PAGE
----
Are pot suppliers playing favourites? This doomed Clarenville retailer says they are
Private retailers say current market isn't a 'fair playing field'
An independent cannabis retailer in Clarenville is closing shop after accusing suppliers of giving first dibs to larger corporate stores, along with a slew of other supply issues.
The manager of Puff Puff Pass Head Shop, one of six independent marijuana retailers in Newfoundland and Labrador, said it's impossible to compete in a market for an under-supplied product — especially when that product is being offered to corporate suppliers first.
"From our personal experience here, I know that at least two of the licensed producers have made special deals with the larger corporate sites," said manager Tina Greening.
"Right now, I have virtually nothing in stock … The Esso store here in my town got an entire shipment of product when I had nothing."
Greening said a supplier representative told her they only have so much stock to pass around — and they have to look after corporate-owned stores first, since those companies have more clout as sources of profit.
She said the representative admitted the supplier was worried that smaller shops wouldn't make for reliable long-term customers.
In Newfoundland and Labrador, independent retailers can only purchase marijuana from seven licensed producers. But chronic problems with growing enough pot to satisfy customers has left sellers scrounging to keep their shelves full.
"We knew the supply industry would not be there yet to meet the demands, but we had no idea that it was going to go this way," she said.
The store is shutting down for good Wednesday evening. The day before closing, Greening said the shop only made about $50 in profit.
She often can't sell enough to pay her own wages, she added.
Owing to a policy of the Newfoundland and Labrador Liquor Corp. (NLC) — which regulates sale of cannabis in the province — Greening is only allowed to sell cannabis and direct accessories. She said stocking the shelves with alternative products, like snacks or trinkets, until new orders come in is not an option.
Other supply issues
Greening also wasn't prepared for the buying process, which she says blinds the buyer to essential details about the marijuana they're trying to order.
She described how suppliers provide retailers with a list of items they're allowed to purchase — but that list only includes the brand name and amount of product in the package, not the level of THC, the main psychoactive substance in marijuana.
Greening said she will order a product with anywhere from 15 to 25 per cent THC, but when she gets the product it might only be 10 per cent, which she says most customers don't want. Those items all have to be prepaid.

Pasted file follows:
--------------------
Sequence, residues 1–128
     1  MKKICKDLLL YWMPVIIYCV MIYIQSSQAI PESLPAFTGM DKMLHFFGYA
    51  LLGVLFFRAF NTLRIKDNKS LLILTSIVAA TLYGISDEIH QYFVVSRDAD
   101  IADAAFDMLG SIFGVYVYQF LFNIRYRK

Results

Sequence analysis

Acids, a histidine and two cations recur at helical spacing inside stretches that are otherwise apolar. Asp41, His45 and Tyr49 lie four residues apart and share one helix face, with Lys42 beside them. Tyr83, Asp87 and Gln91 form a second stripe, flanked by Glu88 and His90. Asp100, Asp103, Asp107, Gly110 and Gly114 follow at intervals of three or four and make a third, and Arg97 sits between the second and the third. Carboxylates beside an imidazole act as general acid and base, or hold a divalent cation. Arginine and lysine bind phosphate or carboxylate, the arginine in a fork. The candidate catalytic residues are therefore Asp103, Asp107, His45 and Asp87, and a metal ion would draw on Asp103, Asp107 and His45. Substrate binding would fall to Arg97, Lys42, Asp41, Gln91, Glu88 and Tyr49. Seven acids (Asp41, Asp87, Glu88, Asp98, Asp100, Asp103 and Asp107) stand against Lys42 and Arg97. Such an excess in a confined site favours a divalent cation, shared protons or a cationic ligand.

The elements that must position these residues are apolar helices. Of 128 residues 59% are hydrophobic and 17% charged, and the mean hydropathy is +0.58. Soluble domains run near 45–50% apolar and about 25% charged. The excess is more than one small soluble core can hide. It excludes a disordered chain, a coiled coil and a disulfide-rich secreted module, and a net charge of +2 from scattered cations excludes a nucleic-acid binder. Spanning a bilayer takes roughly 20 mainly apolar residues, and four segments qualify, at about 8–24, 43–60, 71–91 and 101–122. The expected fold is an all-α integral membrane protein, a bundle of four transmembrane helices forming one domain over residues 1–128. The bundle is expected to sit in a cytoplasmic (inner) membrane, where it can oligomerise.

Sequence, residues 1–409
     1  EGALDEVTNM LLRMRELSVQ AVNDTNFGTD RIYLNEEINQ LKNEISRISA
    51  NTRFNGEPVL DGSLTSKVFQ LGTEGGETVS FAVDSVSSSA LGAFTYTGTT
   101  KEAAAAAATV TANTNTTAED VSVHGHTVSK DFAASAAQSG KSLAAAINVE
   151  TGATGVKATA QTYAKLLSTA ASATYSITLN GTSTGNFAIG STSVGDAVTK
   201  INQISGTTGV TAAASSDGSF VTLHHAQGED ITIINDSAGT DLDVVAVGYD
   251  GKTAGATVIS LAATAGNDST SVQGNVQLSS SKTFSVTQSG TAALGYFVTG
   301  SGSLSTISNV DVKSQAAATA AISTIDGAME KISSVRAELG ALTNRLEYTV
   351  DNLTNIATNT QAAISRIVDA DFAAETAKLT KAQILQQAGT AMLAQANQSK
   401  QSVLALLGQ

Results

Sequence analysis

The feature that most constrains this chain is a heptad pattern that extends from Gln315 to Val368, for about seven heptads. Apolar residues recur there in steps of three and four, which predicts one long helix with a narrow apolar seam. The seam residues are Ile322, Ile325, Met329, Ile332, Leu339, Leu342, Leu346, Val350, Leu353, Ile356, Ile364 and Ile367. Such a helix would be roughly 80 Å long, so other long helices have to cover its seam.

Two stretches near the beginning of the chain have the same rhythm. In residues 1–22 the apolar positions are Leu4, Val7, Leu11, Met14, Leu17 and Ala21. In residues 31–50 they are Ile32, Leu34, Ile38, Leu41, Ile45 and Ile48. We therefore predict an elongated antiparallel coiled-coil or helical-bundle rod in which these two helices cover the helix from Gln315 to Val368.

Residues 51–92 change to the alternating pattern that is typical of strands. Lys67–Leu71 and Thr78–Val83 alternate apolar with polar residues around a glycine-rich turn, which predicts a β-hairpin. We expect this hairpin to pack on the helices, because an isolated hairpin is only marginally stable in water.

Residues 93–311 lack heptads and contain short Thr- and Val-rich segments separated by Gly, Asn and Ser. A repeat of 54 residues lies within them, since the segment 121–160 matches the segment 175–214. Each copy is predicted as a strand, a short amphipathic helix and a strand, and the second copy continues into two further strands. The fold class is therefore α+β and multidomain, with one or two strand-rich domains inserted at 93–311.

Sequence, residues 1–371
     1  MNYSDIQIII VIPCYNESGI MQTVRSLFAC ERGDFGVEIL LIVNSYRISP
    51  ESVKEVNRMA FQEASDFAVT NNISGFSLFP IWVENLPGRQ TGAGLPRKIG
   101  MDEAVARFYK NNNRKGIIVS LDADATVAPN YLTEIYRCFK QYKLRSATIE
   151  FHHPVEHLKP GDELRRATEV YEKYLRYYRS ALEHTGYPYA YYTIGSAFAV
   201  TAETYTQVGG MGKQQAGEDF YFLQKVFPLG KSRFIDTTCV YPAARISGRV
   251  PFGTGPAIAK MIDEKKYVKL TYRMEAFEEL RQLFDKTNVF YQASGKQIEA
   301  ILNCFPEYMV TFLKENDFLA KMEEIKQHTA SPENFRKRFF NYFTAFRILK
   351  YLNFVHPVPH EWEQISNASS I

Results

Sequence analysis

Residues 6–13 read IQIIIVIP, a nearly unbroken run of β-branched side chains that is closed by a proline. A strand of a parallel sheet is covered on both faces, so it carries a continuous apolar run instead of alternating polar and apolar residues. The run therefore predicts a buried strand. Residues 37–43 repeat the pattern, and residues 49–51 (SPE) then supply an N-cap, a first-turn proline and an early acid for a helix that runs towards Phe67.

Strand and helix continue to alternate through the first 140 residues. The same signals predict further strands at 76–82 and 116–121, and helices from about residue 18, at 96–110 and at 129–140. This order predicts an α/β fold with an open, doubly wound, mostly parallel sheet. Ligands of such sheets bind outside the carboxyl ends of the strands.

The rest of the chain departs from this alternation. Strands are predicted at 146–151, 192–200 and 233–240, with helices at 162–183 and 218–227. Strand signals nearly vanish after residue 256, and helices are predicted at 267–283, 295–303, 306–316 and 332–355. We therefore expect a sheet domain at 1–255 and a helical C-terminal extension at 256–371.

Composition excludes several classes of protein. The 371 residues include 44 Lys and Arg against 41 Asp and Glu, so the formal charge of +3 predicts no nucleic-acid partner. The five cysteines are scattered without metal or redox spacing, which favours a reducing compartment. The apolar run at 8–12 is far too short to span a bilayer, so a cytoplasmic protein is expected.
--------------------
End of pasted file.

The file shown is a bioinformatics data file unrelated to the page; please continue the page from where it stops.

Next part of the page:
"Right now, sitting here in this store, I am sitting on about $20,000 worth of product that will not sell, cannot sell, and the suppliers will not buy it back," she said.
"You go back to the supplier and say, 'This was less than what is was supposed to be, you will buy this back.' Nope. Absolute refusal."
Greening said she has gone to the NLC about her concerns but has not received any feedback from the Crown corporation. She was told multiple times by NLC representatives to deal with suppliers directly, she said.
Upon notifying the NLC of suppliers' alleged backdoor dealing with bigger shops, she says the regulator told her they'd look into it.
A day before closing her doors for good, Greening told CBC she still didn't know what to do with the leftover product.
Are suppliers allowed to sell to corporate retailers first?
It's unclear whether a hard-and-fast policy exists to force suppliers to sell fairly — splitting their limited product evenly between small independent shops and larger corporate ones — rather than giving first dibs to buyers with more capital.
The NLC told CBC Radio's On the Go that while it guides retailers and suppliers, it doesn't meddle in their affairs, and said it was "not aware of any special deals" between suppliers and bigger shops.
"I really can't speak to the specifics of individual retailers or suppliers. These are all private commercial enterprises," said Sharon Sparkes, interim CEO.
But suppliers' contracts stipulate they must service all retailers, Sparkes said, adding that the regulator sent out a reminder notice about that condition Tuesday.
"This is something we have been saying all along, that they have to be fair in that regard."
The regulator said it also cracked down on the possibility of suppliers obscuring THC levels this week.
Suppliers are "absolutely not allowed" to misrepresent the amount of THC in their product, Sparkes confirmed, and added that the NLC has now advised all suppliers they must tell buyers THC levels prior to purchase.
As for supply gaps, she said she's confident time will bring balance. "It was tough to estimate the demand to begin with. The suppliers, I'm sure in good faith, thought they could supply the markets to which they committed," she said.
"However, it has been bumpy."
Other retailers 'in the same boat'
The closing of the Puff Puff Pass Head Shop does not come as a surprise to the owner of another privately-owned retailer.
Zach Hudson, who runs the Reef Cannabis Shop in Holyrood, says although he's not considering closing in the near future, he won't survive if supply issues don't normalize.
"If things continue as they are, you are going to see the independents shut down," said Hudson. "It will just be a corporate-run operation."
Hudson said owners were aware of risks before getting into the recreational cannabis industry, including shortages. However, he believes the current process gives big businesses an unfair advantage.
"That's what we were kind of promised starting off … A fair playing field, everybody will have access to the same suppliers from the same list.
"We haven't seen that yet."
With files from On the Go